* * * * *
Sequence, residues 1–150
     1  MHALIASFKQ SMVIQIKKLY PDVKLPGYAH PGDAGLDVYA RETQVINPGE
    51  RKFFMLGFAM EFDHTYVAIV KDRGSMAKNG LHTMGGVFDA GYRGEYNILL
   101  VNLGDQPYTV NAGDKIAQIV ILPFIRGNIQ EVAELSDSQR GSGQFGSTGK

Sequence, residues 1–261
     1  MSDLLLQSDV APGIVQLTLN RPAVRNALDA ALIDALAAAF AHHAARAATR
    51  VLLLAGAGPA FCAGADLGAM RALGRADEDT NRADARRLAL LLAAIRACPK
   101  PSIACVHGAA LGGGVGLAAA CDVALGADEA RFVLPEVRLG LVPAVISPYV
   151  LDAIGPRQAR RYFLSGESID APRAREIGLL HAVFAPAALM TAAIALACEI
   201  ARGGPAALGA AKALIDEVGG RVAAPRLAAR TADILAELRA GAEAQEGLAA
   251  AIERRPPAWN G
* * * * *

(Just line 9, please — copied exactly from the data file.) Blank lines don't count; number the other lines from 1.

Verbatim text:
   151  LDAIGPRQAR RYFLSGESID APRAREIGLL HAVFAPAALM TAAIALACEI